Major US Investors Oppose Legislation That Would Stifle Filing of Shareholder Resolutions with Companies

Major US Investors Oppose Legislation That Would Stifle Filing of Shareholder Resolutions with Companies


“Most severe attack on shareholder rights in 50 years,” says one investor; new investor research paper outlines wide-ranging benefits of shareholder proxy tool

Monday, April 24, 2017 - 2:20pm

CAMPAIGN: Climate Change

CONTENT: Press Release

April 24, 2017 /3BL Media/ - Many of the country’s largest investors are coming out strongly against proposed legislation that would prevent most investors from being able to file shareholder proposals with companies on key issues they want further action on, such as board governance matters, corporate policies or emerging risks like climate change.

The proposal, part of a larger bill aimed at replacing the Dodd-Frank Act, would sharply raise the ownership threshold for investors who could file shareholder proposals that are voted on at corporate annual meetings.  Shareholders would need to hold a minimum of 1 percent of the company’s outstanding stock for three years to file resolutions. Currently, shareholders with as little as $2,000 in shares for a year or more can do so.

The proposal by House Financial Services Chairman Jeb Hensarling (R-Texas) would undo a shareholder proposal process that has been in place for a half century. In effect, even the nation’s largest institutional investors, including the nation’s largest public pension funds, would not be able to file shareholder resolutions with companies. A hearing on the bill is scheduled for Wednesday, April 26.

"This misguided legislation would greatly diminish shareholders' ability to protect and enhance their investments and drastically reduce corporate accountability," said New York State Comptroller Thomas P. DiNapoli, trustee of the $186 billion New York State Common Retirement Fund, which has filed dozens of resolutions in recent years asking companies to assess their climate change risks and develop mitigation strategies. "The Common Retirement Fund’s positions in individual companies are in the tens or hundreds of millions, with some over $1 billion, which makes it outrageous and inequitable that we would not be able to make requests of corporate boards through shareholder resolutions.”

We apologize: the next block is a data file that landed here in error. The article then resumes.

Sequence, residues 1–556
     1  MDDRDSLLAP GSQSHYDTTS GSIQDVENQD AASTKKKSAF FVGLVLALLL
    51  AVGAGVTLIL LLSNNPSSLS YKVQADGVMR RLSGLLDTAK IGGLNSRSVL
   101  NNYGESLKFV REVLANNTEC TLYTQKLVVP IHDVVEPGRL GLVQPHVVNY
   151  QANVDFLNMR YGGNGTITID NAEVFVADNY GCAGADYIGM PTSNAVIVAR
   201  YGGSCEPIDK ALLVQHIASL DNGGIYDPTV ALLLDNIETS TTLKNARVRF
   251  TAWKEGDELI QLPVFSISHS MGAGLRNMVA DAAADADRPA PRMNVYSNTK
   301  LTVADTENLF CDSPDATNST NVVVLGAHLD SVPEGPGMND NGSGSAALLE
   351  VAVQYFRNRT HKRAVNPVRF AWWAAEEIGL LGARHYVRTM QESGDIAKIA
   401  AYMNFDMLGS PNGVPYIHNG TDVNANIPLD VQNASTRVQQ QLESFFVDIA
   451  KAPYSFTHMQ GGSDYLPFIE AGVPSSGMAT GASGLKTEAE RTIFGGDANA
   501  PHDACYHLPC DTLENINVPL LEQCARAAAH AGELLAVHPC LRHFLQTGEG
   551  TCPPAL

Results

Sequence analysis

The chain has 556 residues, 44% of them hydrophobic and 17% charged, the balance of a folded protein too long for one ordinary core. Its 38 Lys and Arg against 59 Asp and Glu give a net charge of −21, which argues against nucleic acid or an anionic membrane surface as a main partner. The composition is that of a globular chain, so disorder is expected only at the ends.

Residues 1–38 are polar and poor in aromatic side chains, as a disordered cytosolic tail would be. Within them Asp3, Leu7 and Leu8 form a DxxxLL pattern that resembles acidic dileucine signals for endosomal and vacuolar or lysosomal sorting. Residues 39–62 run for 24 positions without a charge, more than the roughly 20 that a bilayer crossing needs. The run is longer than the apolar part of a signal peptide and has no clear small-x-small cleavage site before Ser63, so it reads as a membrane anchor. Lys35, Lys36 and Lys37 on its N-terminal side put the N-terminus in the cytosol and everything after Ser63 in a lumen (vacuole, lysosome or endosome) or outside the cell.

“It makes no sense to dramatically change a process that doesn’t need changing, seeks to undermine the fundamental right investors’ have to ensure their publicly invested dollars are being used ethically and is in every shareholder’s and the company’s best interest,” added Anne Sheehan, director of corporate governance at the California State Teachers’ Retirement System (CalSTRS). “The damage it will do to shareholder/company relations is just chilling.”

“This is the most severe attack on shareholder rights in 50 years. It would virtually end investors’ ability to file shareholder resolutions with companies,” added Timothy Smith, director of environmental, social and governance shareowner engagement at Walden Asset Management.

research paper released today by three investor groups, collectively managing trillions of dollars in assets, outlines numerous benefits investors have seen from the shareholder proxy tool, including inclusion of more independent board directors, stronger disclosure on political spending, widespread adoption of international human rights principles and wide-ranging actions to mitigate climate change risks. Last year, investors filed about 1,000 shareholder proposals with companies, including about 500 focused on corporate governance issues and more than 400 focused on environmental and social issues.

“The process as currently structured and administered works well for investors and issuers; it is fair, efficient and effective,” concludes The Business Case for the Current SEC Shareholder Proposal Process, issued by Ceres’ Investor Network on Climate Risk and Sustainability, the Forum for Sustainable and Responsible Investment (US SIF) and the Interfaith Center on Corporate Responsibility. “We believe the proposed modifications would harm the interest of investors, companies, society and the capital markets.”

“For seven decades, the shareholder proposal process has worked for companies and investors,” Sheehan said. “It’s been an equitable way for large and small investors to communicate their concerns to public companies.”

“The shareholder proposal is a critical tool to help us get the attention of senior management,” said Adam Kanzer, managing director of Domini Impact Investments, adding, “The quality of one’s ideas is not correlated with the size of one’s investment.”

“The shareholder proposal language in the bill is clearly an overreach,” said Jonas Kron, senior vice president at Trillium Asset Management. “For example, raising the ownership requirement to 1% would leave only 11 investors with enough shares to file shareholder proposals at Wells Fargo. None of those investors have ever filed a shareholder proposal. In the mean time, smaller, but no less important, institutional investors in Wells Fargo have filed strongly supported proposals on a range of very important governance and management issues that should be raised with Wells Fargo management and directors.”

External Media Contacts:


Peyton Fleming
+1 (617) 733-6660